Great News from the North: 14 metres x 2.4 metres in one piece!
Bruce Hodgens 11th March 2007.
Hi Maggie & Bob
Just thought I would let you know how I was getting on with the Polycore panels you supplied for my 14 metre powercat.
I received 130 sheets (in 19, 25 & 30 mms) a few months ago and I have started making all the components such as bulkheads, bridgedeck floor, roof , furniture, decks, floors and all the upper hull skins.
Basically other than the hulls below the waterline all the boat will be made from Polycore flat panels, some of which will be bent to 2D curves.
As you are well aware I spent considerable time researching different materials for the boat and now that I have started working with Polycore I am convinced that I chose the best product.
I will save nearly $34,000 using Polycore versus foam or balsa pre-made panels. As a back of envelope calculation a 19 mm panel of Polycore costs $100, and then with one layer of 600 grams/metre2 knitted glass on each side with vinylester resin costs about another $40. Pre –made balsa or foam panels cost >$400.
I know this doesn’t take into account the labour to make the panels, but you can sure get a lot of panels made for $34,000 worth of labour.
There are plenty of advantages to making your own panels other than cost savings.
Originally I was going to use balsa panels but when I experimented with this there were all sorts of problems. For example the balsa soaked up a lot of resin into the end grain so I found I had to apply a thick coat of fast curing resin and then when that had gone off I could then glass over.
The next problem was that large sheets were impossible to turn over because the balsa had no inherent strength, so then I had to look at making a flat table and glassing one skin then vacuum bagging the core on, then glassing the other side. What a drama, and also a huge expense for the vacuum bagging gear, moulding table and consumables.
With the Polycore I just glass one side in the morning and turn it over and glass the other side in the afternoon. I found we could use AutoCAD to nest all the components and then join multiple sheets together reducing the wastage. I then glass them and turn them over, none of which I could do with balsa. This is working so well I built the bridgedeck floor in one piece – that was 8.4 metres x 2.4 metres (i.e. 7 sheets joined together) and I have just finished the first of the topsides for the full length of the boat which will be 15.6 metres x 2.4 metres in one piece (13 sheets). It takes 6 or 7 people to turn these over to glass the other side, but it is no drama.
I will have the complete side of the boat in one panel with no joins and it can be faired and undercoated ready to stick on. What a joy to have all the fairing and undercoating with gravity to help you instead of doing all this on the boat. Making these large panels has reduced the time spent joining multiple panels with fibreglass tapes, creates less work for fairing because the joins always make more work, and we have a lot less waste.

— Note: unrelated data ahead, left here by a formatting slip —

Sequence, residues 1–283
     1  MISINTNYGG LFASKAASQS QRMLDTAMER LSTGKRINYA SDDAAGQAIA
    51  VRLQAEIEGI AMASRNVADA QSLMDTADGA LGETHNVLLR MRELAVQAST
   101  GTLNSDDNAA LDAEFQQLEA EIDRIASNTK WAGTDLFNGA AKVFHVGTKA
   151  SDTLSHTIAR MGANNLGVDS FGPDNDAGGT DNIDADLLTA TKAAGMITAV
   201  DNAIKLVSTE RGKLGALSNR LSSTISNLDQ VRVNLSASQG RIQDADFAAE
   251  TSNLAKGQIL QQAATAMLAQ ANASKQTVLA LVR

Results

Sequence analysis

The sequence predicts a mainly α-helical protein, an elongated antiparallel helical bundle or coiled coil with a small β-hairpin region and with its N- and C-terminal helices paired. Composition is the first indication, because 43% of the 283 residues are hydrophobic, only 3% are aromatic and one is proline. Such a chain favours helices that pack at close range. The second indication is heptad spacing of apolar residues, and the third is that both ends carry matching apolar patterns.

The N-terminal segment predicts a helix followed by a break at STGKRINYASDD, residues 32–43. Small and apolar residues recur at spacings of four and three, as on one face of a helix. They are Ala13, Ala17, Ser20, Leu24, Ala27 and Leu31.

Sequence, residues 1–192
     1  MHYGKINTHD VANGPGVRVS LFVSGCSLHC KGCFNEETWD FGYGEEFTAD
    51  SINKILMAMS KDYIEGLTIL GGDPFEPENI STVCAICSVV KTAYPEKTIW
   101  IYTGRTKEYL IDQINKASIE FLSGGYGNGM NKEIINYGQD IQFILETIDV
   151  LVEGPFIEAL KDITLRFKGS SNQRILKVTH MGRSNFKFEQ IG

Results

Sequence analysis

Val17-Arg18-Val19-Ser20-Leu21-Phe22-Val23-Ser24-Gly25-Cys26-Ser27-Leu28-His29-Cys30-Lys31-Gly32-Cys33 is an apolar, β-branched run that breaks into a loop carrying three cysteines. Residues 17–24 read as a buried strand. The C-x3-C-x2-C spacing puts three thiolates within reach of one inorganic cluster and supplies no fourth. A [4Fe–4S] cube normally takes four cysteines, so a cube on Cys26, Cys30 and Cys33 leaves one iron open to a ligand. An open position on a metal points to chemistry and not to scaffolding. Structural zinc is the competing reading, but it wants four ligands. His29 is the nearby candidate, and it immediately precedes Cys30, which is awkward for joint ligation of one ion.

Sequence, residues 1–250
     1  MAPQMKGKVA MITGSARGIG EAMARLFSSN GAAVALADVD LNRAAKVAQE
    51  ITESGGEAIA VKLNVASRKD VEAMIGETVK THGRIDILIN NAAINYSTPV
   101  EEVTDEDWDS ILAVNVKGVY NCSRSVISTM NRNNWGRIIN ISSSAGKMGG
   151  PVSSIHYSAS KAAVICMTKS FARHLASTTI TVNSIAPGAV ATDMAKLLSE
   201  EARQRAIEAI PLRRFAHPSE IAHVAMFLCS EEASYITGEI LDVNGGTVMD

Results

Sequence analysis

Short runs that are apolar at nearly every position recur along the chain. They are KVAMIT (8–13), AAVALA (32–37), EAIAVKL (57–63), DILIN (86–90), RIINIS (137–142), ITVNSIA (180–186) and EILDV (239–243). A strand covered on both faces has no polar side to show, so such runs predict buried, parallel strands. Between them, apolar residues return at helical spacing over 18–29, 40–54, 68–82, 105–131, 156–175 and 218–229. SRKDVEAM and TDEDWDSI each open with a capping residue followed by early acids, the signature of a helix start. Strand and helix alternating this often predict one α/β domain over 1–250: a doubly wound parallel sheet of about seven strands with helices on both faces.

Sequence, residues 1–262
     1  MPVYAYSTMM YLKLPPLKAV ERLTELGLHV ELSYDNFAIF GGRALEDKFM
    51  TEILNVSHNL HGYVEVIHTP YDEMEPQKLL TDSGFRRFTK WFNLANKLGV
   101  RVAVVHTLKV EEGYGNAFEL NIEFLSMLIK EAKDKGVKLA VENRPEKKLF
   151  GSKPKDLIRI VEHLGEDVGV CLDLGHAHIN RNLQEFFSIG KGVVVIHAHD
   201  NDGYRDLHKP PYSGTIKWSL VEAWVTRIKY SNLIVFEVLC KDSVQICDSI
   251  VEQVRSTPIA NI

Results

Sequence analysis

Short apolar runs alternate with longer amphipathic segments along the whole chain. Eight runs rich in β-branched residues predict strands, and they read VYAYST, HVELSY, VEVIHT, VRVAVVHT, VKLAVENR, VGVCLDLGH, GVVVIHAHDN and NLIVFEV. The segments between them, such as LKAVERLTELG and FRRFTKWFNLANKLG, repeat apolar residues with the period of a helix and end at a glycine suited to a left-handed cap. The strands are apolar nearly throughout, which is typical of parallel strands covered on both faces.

Of course there are other benefits for Polycore panels.
I was concerned about balsa panels because we have had a few problems with boats here in Townsville getting water in the balsa core, leading to rot. All the claims that the water will only go to the next glue line in the balsa i.e. at the most 100 mms aren’t quite what happens in all cases. If water gets into panels it can also move along under the glass delaminating it from the core and spreading the rot to a much larger area. Polycore is polypropylene plastic and so rot isn’t a problem.
One of the tests I have done with sample panels is to beat the living daylights out of them with a hammer. This is my crude impact-testing regime. The first time I did this was when a couple of local boat builders dropped in and were asking about Polycore’s strength.
We grabbed a 25 mm scrap that had been glassed with 2 layers of 600 gram fabric on both sides – it was part of a main bulkhead lay-up. We placed it on the concrete and then swung the hammer hard onto it. Not a scrap of damage. In fact the hammer just sprang back off the panel. After about 5 or 6 hits on the same spot the glass started to get damaged but certainly not as much as any of us expected.
This led to all sorts of further “highly scientific” testing such as driving the car over it repeatedly, putting it between blocks of wood and jumping on it, and suspending it between stools and dropping heavy steel pipes end on from the roof of the shed.
I am impressed with the results. Particularly interesting was the steel pipe dropped onto the suspended panel. The glass in the impact side eventually got damaged but the lower surface glass remained intact until eventually we managed to butcher that as well. At all times we were very impressed with the core strength. It seems to absorb a lot of impact rather than just transferring it to the inner skin and damaging that. Delamination of the tissue or the core wasn’t a problem either.
I would be very interested to see some test results that compared Polycore to other types of cores such as balsa and foam. However for the use I have for the panels I am more than happy with our results. I will certainly be recommending Polycore panels to all my friends who are building or planning on building boats.